Concerns regarding China's economic policies and relative market slowdown are entirely unfounded, a leading German economist and former UN official said, urging countries to accept China as a market economy.
"China is doing what a normal market economy would do," Heiner Flassbeck, former State Secretary in the German Federal Ministry of Finance, told Xinhua in an exclusive interview Thursday.
"It's absolutely normal for a country that is involved in open global trade to try and export more than before, that is what Germany did over the last fifteen years," added Flassbeck, who is also former chief of Macroeconomics and Development of the United Nations Conference on Trade and Development.
A number of countries are becoming increasingly alarmed regarding Beijing's industrial oversupply and its increasing exports.
China's decision to reduce imports has also compounded the situation for many countries who rely on exports to the Asian economic powerhouse.
As part of China's 13th Five Year Plan, policymakers in Beijing have opted to push forward structural reforms on the supply side by tapping strong domestic demand, simplifying government procedures and pursuing innovation-driven growth and hence quality growth at a higher level instead of the fast but low-quality growth of the past.
"The rules of free trade should apply to everyone," said Flassbeck, who reminded that overcapacity is normal for a country which had enjoyed a growth rate of around 10 percent for some 20 years.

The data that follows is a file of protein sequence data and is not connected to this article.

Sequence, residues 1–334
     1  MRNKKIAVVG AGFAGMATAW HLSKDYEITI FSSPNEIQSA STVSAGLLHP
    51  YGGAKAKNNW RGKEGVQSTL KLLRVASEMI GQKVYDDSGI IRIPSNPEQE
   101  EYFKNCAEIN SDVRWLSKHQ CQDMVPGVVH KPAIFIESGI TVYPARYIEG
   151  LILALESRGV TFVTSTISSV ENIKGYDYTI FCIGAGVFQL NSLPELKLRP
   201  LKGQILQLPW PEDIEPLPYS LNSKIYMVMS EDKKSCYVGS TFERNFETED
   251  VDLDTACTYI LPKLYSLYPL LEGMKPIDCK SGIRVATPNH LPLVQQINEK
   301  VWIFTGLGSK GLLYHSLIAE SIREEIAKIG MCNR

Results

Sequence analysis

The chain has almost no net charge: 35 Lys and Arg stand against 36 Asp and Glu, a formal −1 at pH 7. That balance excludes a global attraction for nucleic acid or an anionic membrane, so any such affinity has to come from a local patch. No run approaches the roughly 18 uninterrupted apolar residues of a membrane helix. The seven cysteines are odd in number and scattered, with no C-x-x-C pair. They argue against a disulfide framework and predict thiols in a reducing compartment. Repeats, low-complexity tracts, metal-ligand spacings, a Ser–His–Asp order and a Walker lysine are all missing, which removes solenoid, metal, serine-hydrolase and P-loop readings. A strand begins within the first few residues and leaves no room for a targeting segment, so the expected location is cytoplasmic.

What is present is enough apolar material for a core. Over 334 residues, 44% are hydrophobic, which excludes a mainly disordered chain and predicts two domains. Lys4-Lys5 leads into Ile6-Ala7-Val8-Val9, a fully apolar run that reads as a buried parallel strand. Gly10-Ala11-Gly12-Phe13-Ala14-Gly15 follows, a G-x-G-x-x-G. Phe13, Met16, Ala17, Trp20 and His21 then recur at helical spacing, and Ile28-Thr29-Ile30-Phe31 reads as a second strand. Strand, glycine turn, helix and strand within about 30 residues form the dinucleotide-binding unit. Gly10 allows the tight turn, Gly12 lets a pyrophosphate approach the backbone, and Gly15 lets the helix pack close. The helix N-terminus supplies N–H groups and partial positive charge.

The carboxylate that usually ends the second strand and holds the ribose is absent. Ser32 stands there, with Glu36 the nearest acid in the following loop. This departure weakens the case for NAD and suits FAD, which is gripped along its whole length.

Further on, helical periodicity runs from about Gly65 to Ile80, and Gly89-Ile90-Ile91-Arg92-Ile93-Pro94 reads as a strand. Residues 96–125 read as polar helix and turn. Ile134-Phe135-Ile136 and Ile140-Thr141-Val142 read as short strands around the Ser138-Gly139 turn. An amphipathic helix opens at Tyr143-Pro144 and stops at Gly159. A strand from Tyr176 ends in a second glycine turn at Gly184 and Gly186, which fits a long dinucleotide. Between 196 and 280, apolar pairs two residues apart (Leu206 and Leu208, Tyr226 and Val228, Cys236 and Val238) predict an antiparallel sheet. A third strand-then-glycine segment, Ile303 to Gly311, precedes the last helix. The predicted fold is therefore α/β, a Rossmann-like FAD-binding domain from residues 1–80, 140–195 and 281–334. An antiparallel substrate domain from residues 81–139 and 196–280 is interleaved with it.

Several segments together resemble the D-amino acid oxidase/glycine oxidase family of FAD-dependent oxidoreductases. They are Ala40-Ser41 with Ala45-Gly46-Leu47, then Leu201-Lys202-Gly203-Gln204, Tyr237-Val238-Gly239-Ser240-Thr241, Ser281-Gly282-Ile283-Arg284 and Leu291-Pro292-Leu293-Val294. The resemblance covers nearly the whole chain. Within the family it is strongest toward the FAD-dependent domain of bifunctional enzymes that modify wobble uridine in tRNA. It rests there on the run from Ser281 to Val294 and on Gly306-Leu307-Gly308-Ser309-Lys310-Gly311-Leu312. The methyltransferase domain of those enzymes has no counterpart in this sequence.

"Over the last ten years, China has also dramatically cut its current account surplus," he said. "China did what was necessary to balance the global economy; other countries have not."
According to Flassbeck, as long as China's current account surplus does not reach 10 percent of its gross domestic product (GDP), which is around three times the current level, there is no cause for concern.
Nevertheless, protectionist measures against China are not justified as countries and regional blocs such as the European Union (EU) must adjust themselves to new economic realities rather than rely on China to provide them with a solution, he said.
He also suggested that China should be accepted as a market economy by the end of this year.
"In all the countries the government is intervening in one way or the other. In Germany we had in the past an intervention in a dramatic way in agriculture; Airbus would not exist without intervention of governments of all of Europe," he said. "China is as much a market economy as many other countries."